In order to justify a completely opportunist political shift toward full support for an Iranian victory, Healy had to attack the analysis made by the ICFI and replace it with a bogus assessment of the class nature of the Khomeini regime. This plan was secretly worked out, without any discussion within the International Committee, between Healy and his personal agent in Athens, Savas Michael, the hand-picked general secretary of the former Workers Internationalist League (renamed Greek Workers Revolutionary Party in November 1985 after this organization split from the ICFI).
S. Michael agreed to go to Iran and produce for Healy’s use an anti-Marxist travelogue which, based on his subjective impressions and revisionist sociology, would prove that the Islamic Republic was being transformed into a socialist republic of the “masses.” Just as Healy had been unconcerned about the persecution of members of the Iraqi CP, S. Michael was not troubled by the fact that his trip to Iran coincided with the ferocious repression of every left-wing tendency in the country. In fact, the high-point of his trip was an appearance on Iranian television, which amounted to a public act of solidarity with the regime’s suppression. Not since the Sri Lankan LSSP renegade Colvin R. Da Silva appeared on Soviet television in 1958 to sanction the repressions carried out by the bureaucracy in Hungary had such a shameful act of class treachery been carried out by a man claiming to be a Trotskyist. This action undermined the credibility of the Fourth International in the eyes of countless Iranian workers.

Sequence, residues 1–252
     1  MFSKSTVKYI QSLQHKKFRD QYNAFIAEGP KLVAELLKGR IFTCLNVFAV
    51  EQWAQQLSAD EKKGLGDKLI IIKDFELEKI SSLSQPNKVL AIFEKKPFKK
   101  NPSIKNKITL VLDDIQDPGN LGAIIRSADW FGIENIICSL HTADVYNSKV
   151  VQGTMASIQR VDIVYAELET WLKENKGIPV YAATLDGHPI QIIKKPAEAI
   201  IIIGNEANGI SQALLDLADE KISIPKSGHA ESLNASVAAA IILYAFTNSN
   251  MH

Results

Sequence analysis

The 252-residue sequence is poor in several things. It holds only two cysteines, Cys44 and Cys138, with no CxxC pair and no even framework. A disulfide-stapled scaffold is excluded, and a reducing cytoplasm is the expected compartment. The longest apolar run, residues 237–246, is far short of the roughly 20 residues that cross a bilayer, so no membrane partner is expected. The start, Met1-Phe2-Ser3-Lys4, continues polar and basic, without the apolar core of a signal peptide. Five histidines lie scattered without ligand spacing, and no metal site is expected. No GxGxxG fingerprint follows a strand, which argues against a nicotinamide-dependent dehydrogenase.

The articles produced by Michael, published in the News Line in February and March of 1983, were a travesty of political journalism, rivalling only Mitchell for the crassness of its impressionism and theoretical ignorance.